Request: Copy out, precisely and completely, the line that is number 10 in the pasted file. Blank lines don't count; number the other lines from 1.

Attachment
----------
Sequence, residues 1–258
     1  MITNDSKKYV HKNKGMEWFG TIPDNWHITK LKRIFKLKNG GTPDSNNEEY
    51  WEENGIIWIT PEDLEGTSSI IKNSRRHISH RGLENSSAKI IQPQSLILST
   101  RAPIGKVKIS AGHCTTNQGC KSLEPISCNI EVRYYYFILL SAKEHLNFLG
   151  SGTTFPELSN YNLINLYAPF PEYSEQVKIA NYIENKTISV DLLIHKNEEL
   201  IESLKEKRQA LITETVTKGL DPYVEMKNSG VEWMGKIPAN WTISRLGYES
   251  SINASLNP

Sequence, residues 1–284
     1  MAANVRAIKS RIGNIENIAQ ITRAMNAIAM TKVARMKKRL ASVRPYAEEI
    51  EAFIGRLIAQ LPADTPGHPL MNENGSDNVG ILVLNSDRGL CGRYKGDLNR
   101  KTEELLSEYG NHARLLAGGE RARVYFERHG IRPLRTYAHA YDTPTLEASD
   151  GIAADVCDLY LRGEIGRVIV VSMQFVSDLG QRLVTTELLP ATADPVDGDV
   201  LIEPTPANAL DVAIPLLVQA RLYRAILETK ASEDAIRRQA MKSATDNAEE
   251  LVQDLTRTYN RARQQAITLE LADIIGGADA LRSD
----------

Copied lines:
    51  EAFIGRLIAQ LPADTPGHPL MNENGSDNVG ILVLNSDRGL CGRYKGDLNR